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J2ObjC is a command-line tool that translates Java to Objective-C (developers.google.com)
56 points by SerCe 11 days ago | hide | past | favorite | 34 comments

I used to work on Sheets. We built the “engine” of Sheets in Java. Then we used GWT to transpile to JS (probably switched to J2CL by now). We built Android version by compiling the Java code against different libraries. And we were the first (or one of?) teams to launch an iOS app using J2ObjC.

I was amazed that we were able to pull it off, tbh. The biggest issue that I remember was that the Java collection classes didn’t transpile well to JS. So we made an abstraction over them. Java code used the native collection classes, JS code used native JS arrays, etc.

This may be a noob question - how do you go about filling in the other side of that abstraction in the JS (presumably) post transpilation? Is it just that you had a set of files in JS developed separately and the build/deployment system could inject those files in specific expected areas?

Yes, you have it exactly right. We basically had three different hand-coded implementations of the same classes, each in a different language.

While working at now long-gone mobile game company Digital Chocolate, they developed their games using a pretty clever but also very complex process of writing the games in Java, then converting that Java to whatever the target mobile phone platform required.

For iPhone, which they arrived late to the party, the code was compiled with an tool built inhouse that converted the Java code to Objective-C++, with homemade garbage collection code. The end results were impressive from a standpoint of having the ability to target 50+ different devices at the time (when you still had J2ME phones on the market) but the performance was just not there for the iPhone, the games ran pretty poorly on that platform and ultimately I think that is one of the reasons they went bankrupt.

Still, the tech was quite fascinating, very difficult to debug and slow to compile. First you had to run the whole project through the Java -> Objective-C++ converter which took quite some time, and then you had to compile this huge Xcode project, in total I think it could take easily like 30-40 minutes just to get build. Debugging was a pain in the ass also, the code generated was not easy to read or very concise.

Wondering if they maybe used this tool ? When was this project started, any idea ?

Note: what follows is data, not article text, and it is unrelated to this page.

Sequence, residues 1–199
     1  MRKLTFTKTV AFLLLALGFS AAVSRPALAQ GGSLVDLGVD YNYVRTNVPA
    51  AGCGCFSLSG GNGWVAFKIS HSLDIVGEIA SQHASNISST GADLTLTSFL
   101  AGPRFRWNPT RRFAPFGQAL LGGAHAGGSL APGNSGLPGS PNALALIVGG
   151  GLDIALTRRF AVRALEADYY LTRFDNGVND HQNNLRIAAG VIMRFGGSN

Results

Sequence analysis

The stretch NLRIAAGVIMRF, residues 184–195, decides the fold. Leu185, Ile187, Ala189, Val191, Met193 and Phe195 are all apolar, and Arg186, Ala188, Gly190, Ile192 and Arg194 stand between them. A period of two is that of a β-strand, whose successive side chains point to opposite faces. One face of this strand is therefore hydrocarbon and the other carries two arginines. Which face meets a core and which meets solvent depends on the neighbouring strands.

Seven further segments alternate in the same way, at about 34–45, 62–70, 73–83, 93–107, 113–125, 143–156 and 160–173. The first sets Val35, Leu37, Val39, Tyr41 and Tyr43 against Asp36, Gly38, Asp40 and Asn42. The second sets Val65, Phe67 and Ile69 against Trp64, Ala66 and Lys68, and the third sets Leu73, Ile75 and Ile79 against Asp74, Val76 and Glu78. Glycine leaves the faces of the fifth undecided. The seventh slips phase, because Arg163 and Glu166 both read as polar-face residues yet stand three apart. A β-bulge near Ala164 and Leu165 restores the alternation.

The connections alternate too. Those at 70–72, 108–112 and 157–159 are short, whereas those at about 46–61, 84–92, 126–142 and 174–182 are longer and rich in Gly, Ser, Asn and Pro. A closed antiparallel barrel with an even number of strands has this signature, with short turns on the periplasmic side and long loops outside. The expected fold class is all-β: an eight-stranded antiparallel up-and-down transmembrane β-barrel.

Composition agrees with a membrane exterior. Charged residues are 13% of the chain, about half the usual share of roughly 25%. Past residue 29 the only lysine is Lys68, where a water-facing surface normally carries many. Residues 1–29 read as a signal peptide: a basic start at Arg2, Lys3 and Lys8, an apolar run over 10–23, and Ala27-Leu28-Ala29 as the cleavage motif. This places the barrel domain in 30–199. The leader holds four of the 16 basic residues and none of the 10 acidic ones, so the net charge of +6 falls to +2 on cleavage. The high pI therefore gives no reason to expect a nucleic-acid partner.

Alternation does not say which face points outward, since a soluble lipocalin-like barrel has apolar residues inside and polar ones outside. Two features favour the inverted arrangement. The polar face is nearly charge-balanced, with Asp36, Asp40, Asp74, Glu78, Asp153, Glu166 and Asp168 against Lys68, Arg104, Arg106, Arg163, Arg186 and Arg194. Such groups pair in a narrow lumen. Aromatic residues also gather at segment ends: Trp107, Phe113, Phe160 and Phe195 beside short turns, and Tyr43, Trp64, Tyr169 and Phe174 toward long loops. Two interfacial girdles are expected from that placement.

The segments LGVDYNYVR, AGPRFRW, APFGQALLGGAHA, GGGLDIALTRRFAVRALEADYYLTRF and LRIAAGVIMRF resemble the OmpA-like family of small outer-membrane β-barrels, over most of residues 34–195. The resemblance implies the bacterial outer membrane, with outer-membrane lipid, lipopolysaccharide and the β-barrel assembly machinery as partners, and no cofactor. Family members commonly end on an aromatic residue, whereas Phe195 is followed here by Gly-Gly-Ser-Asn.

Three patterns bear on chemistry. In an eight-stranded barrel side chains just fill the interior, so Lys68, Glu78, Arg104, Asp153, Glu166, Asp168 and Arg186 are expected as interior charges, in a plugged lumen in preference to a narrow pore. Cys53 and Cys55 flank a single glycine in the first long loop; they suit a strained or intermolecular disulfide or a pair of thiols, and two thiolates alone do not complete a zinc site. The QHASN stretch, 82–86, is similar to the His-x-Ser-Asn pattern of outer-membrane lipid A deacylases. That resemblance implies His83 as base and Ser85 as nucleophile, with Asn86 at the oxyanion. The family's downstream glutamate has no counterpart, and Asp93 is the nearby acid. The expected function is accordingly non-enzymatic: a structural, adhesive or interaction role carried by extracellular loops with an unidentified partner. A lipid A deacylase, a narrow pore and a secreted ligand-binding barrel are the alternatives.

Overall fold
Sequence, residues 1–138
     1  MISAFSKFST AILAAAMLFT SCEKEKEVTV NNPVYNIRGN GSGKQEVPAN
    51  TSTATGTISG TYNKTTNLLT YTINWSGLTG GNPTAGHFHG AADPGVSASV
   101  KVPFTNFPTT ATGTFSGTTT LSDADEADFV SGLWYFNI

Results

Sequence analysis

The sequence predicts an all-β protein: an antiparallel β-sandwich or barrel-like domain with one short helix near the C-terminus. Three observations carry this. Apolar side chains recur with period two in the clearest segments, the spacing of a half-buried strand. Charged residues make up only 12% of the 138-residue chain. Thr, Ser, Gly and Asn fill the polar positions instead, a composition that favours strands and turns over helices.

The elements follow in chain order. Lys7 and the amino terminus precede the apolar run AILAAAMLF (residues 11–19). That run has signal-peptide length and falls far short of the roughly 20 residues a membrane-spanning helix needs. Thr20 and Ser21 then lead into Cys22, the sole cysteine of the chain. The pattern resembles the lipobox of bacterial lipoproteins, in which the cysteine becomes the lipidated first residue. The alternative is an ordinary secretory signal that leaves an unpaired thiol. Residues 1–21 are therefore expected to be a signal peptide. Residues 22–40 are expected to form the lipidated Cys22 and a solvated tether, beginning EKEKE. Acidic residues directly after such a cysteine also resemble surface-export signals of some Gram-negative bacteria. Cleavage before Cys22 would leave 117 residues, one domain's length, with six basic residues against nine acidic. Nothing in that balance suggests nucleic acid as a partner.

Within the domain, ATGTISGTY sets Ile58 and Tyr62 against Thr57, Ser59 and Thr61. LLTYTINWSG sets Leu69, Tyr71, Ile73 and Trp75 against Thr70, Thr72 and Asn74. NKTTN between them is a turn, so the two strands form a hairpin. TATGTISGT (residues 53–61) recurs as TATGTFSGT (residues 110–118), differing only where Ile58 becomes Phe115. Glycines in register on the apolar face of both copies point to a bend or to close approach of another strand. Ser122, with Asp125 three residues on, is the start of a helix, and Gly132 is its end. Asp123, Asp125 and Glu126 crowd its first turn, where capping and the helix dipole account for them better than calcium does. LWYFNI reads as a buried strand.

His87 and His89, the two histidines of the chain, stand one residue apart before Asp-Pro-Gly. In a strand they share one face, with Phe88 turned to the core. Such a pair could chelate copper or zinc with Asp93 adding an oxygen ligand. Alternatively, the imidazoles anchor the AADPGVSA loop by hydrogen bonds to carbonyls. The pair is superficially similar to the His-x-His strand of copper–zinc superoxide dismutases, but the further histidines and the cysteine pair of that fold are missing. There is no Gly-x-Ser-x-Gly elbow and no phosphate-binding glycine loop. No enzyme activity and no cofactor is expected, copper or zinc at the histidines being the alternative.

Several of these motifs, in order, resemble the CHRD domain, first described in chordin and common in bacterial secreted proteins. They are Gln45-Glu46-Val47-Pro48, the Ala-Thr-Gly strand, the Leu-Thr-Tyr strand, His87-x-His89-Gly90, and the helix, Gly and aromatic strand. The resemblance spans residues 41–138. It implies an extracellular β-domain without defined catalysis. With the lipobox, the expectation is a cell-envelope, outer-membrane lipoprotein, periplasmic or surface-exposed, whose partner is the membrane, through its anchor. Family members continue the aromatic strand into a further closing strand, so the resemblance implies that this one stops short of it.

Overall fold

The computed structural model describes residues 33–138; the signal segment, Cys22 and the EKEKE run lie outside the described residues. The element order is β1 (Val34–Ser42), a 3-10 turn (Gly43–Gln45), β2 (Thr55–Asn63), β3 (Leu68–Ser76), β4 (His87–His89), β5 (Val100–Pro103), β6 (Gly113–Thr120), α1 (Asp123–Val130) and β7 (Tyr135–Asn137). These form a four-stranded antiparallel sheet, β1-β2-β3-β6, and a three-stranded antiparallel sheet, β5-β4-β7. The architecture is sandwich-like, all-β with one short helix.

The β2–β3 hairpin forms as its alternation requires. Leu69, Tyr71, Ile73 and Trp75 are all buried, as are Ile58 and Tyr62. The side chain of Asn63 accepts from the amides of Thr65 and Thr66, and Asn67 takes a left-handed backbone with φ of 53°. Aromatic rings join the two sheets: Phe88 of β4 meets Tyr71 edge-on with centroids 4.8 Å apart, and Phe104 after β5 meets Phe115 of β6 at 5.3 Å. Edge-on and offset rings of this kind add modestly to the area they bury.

It was started by Inbox.

One should probably also mention its sibling project, J2Cl which translates Java to Javascript (with very very good quality might I say!).

With android apps being written in Java, Google (and anyone actually) can share code between the web, android and ios at the same time. I’m no google employee, but from what I’ve read they do use this to share the difficult logic of google drive apps between all platforms, while letting the platform-native frontend do the rest.

> J2Cl which translates Java to Javascript

Oh that's sure an interesting project. A shame it apparently requires the use of Bazel as the build system. I wish I could just add it as a module to my existing Maven project and rewrite my frontend code from TypeScript to Java — but that's Google, and Google can never stop inventing their own ways of building things.

edit: I might try https://github.com/Vertispan/j2clmavenplugin

There are third-party maven and gradle integrations and plugins at various stages. And you can also run bazel -s to log the exact commands it is running (basically j2cl with annotation processing plus closure-compiler). Though extracting good pairings of j2cl, closure-compiler, gwt and jre-emul libs etc tends to become a pointless chore with j2cl, closure-compiler being updated all the time without documented releases other than timestamps. Last I checked, closure-compiler was at a 2020ish rev in a recent j2cl bazel build checkout only slightly newer than the initial 2019 release, with j2cl apparently focussing on kotlin and also an experimental wasm target requiring wasmgc hence Chrome.